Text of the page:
Some of the current fixes aimed at reducing the financial burden of chronic illness — including the ability to enroll in a health care plan under the Affordable Care Act — are not enough to save those with diabetes from the stress of having to figure out how to manage their health and put food on the table.
[Photo: Dr. Minal R. Patel]
In a study about those living with the disease, researchers at UM SPH found a number of pressures led half of adults with diabetes to report perceptions of financial stress, and one-fifth to say they have experienced health and food insecurity. Insecurity means their household economic situation allows limited access to medications, supplies and food.
The study, reported in the journal Medical Care, examined various factors impacting cost-related nonadherence (CRN) within the diabetic population, the term to describe when patients cannot follow doctors’ orders because of the cost of doing so.
“Financial burden for people with chronic illness is complex,” said Dr. Minal Patel, SPH assistant professor of health behavior and health education. “It’s not as simple as offering reduced co-pays or co-premiums. It’s a whole range of things that we need to address.”
Cost-related nonadherence is estimated to impact 20 percent of all patients in the United States, who, when faced with financial burden, often do not follow doctor’s orders.
In the study of nearly 35,000 adults from the National Health Interview Survey, 11 percent, or 4,200, identified as diabetic, and 14 percent of that group reported cost-related nonadherence to their medical plans. This was compared with 7 percent CRN from the general population without diabetes.
Close to a quarter of those surveyed reported food insecurity, which was strongly associated with CRN.
Insecurity does not always mean a real or perceived lack of something. In the case of food, for example, it can mean a person does not have the ability to afford the kinds of meals to maintain their best health. Diet for those with diabetes is critical to optimal health.
Dr. Patel said while the Affordable Care Act has worked to improve access to health care, gaps remain in coverage and there still are high rates of cost-sharing associated with the plans. This is particularly burdensome for persons with diabetes who not only need prescriptions but require devices and supplies to monitor and manage their disease.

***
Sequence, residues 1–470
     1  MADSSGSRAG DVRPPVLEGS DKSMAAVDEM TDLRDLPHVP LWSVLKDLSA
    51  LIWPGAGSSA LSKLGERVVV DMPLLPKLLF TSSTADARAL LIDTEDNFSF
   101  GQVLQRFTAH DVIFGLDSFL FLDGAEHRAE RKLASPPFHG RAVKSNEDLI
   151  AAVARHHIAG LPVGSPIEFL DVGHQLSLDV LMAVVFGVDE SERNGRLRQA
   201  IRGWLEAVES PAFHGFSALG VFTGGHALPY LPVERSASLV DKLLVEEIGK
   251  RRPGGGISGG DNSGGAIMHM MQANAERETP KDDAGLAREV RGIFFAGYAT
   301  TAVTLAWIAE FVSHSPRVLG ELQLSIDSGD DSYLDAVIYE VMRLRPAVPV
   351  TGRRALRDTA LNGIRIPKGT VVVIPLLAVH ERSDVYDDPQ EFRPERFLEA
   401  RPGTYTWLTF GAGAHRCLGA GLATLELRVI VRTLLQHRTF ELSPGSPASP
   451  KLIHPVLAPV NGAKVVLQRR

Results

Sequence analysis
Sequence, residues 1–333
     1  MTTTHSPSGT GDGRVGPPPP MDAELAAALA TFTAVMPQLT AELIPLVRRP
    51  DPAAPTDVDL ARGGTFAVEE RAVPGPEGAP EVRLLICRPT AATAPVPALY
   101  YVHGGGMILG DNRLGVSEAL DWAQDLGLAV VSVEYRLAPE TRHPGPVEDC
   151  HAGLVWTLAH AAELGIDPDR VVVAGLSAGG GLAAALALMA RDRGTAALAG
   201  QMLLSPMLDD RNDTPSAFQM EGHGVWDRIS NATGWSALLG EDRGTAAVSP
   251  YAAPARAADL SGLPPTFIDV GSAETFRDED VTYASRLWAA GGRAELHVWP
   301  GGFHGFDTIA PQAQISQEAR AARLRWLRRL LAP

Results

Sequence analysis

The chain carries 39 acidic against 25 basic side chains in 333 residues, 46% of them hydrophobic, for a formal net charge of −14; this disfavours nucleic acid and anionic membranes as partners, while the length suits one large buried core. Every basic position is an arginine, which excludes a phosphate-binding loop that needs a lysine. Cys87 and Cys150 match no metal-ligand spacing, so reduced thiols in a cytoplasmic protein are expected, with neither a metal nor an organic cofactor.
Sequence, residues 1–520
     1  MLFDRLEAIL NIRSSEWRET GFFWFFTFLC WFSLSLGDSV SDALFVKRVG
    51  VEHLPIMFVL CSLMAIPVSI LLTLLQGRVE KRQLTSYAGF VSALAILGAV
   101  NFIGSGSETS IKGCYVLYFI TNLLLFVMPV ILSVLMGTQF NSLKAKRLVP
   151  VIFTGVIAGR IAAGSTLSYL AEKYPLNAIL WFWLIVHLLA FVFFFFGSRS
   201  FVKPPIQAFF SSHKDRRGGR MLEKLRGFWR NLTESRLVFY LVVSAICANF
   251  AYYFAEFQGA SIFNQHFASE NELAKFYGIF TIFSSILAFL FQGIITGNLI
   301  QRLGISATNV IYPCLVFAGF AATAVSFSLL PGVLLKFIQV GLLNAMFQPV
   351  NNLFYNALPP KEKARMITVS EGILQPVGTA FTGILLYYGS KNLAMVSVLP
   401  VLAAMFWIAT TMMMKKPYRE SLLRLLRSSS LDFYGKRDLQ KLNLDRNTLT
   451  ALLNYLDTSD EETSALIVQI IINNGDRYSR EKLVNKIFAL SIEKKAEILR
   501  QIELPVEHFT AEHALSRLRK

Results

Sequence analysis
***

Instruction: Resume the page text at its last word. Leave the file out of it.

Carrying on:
Patients with diabetes also face associated health problems of obesity, high blood pressure and eye-related conditions that are not addressed consistently through plans under the ACA, or require self-management resources that fall outside the scope of what a health insurance plan would typically cover.
The researchers found that talking with a health care provider about lower cost options helped mitigate CRN. Although diabetic patients were more likely to have these conversations than others, only 27 percent of them were sharing concerns with their doctors.
“If you are in a clinic primarily aimed at serving low-income populations, you’re probably going to have those conversations because providing affordable care is central to the mission of these health care settings,” Dr. Patel said. “But in a lot of other health care settings physicians don’t always know what to do. We need to support through policy and infrastructure changes, a better communication situation for patients and physicians.”
She suggests better screening and counseling, physician training and better preparation for patients prior to their appointments with doctors to access affordable options. The quality of patient-physician interaction around these issues may change the way affordable options are sought out.